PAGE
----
“My project often consists of seventy different tracks or more, I usually create separate groups or sub-mixes of instruments (using Reason’s Mixer 14:2) to unite them and use send FX. For example – I have a bass with middle and sub components – I divide them into two or more tracks. I cut off the low frequencies, and highlight the brightest sounds of mid. Then I’ll carefully add the low EQ of the bass on another track, for example by choosing the standard sub sine wave. For a better sounding effect with your bass, you can use a compressor for combining the sub and mid components into one mix. Normally I mix additional harmonics in the bass or lead synth. For example, I’ll add to the high or mid frequencies by using more samples, noises, or synths, then adjusting them by loudness, or I’ll add distortion or a small reverb.”
Do not overdo it with EQ
“Some musicians will advise you to get an ideal crystal mixdown by precise equalization of each sound. The mix sounds really clear, when you EQ sounds hard, but the final mixdown can loose the dynamics, which is so important for the unique sound of the track. In my music I often don’t equalize too much – just remove some of conflict things from the synth, percussion or snares (less the bass and kicks). The most important thing is to cut the real low frequencies, and use a little bit of compression to put the sound in the mix, in this case the result will be fresh and more interesting.”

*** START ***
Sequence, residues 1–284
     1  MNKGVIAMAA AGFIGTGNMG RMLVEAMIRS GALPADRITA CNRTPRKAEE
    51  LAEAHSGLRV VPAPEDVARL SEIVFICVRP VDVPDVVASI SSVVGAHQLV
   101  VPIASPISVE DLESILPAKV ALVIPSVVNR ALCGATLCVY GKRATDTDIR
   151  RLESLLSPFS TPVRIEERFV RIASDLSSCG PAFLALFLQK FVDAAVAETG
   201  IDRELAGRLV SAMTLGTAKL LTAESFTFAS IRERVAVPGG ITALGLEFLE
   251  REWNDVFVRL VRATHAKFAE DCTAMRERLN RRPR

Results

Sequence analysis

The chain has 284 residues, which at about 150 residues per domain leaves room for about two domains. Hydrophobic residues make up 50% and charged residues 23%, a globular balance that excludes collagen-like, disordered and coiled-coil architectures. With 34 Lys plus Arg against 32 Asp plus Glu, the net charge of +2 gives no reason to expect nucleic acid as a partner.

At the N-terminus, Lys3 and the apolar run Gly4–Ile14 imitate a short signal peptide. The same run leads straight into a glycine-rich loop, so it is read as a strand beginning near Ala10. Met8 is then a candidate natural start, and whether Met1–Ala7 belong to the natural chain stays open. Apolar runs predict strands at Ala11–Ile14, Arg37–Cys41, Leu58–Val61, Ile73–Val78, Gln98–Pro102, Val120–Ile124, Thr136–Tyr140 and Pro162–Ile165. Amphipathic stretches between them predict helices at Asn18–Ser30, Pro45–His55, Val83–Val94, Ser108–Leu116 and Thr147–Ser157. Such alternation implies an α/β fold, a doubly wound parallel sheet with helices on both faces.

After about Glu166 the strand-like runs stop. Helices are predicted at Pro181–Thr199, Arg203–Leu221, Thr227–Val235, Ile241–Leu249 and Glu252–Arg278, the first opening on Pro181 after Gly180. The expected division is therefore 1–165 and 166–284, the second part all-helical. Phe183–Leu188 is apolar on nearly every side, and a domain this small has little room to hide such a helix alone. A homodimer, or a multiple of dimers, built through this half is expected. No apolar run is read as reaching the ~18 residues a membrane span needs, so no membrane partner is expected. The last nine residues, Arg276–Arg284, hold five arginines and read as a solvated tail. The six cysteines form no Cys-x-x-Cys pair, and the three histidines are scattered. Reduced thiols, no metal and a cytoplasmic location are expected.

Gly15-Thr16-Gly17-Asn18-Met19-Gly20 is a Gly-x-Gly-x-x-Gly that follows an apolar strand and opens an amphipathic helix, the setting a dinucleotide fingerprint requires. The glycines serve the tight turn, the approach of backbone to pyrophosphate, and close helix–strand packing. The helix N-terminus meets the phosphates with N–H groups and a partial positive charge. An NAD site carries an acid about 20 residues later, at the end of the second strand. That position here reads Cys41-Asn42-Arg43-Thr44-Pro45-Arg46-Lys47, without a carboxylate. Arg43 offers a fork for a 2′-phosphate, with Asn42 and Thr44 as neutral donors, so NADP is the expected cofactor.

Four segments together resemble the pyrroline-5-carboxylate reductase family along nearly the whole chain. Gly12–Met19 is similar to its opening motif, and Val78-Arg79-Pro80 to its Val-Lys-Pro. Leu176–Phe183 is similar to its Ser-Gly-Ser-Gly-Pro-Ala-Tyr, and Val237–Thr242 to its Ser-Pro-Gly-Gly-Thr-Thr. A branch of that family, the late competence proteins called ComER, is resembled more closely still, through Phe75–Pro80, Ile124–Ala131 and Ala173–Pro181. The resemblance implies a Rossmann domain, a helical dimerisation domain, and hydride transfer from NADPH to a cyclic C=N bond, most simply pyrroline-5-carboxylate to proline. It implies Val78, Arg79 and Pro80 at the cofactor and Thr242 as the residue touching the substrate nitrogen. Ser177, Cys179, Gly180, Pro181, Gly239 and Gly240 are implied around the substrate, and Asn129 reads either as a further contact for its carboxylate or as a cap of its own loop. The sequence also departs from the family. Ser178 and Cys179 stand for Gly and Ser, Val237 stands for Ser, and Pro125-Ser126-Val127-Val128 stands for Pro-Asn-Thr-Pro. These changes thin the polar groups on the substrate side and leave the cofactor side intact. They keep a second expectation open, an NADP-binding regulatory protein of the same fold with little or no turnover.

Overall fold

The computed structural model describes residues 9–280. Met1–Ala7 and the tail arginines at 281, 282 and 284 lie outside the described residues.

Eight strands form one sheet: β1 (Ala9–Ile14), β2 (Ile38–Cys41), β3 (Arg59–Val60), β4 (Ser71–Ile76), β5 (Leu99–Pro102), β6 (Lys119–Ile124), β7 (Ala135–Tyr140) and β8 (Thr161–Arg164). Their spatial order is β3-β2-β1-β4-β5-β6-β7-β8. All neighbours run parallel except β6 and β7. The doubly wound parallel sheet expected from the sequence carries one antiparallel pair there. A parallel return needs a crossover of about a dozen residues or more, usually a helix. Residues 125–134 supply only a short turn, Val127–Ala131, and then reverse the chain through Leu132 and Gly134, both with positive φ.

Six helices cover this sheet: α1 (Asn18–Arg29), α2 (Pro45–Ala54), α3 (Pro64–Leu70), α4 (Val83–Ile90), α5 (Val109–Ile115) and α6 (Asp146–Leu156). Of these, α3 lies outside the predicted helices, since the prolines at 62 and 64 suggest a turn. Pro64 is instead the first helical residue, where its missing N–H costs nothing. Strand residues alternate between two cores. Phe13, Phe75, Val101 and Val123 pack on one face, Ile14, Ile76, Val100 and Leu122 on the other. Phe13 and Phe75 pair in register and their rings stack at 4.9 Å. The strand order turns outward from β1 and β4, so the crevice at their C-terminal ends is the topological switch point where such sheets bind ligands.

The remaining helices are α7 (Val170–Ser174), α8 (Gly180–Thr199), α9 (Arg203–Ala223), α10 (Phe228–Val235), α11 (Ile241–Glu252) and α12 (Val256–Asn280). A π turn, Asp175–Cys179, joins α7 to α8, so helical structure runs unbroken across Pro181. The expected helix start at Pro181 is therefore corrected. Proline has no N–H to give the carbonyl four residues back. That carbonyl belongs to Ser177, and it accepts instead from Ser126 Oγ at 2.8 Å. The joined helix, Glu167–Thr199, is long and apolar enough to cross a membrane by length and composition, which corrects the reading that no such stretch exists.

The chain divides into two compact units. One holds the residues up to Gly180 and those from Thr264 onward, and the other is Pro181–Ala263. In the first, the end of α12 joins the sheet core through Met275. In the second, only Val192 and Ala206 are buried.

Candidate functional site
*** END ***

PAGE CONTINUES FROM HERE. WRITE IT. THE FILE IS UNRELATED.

“Don’t be afraid to sample and use sound banks or libraries, especially if you don’t have much experience in creating or synthesising your own sounds – or if you don’t have a powerful computer. I’ll sometimes sample from VST plug-ins too – converting it into the REX format so I can slice them as I want and create a different melody or sound by playing with transpose, pitch and the loop tempo. It can come up with something completely different. Any sample – even a small piece of a loop – is a great starting point to work with, you can mix, blend, add effects, interpret some moments from other tracks (preferably just small sounds). Sampling is an important part of electronic music; I really think it’s an art.”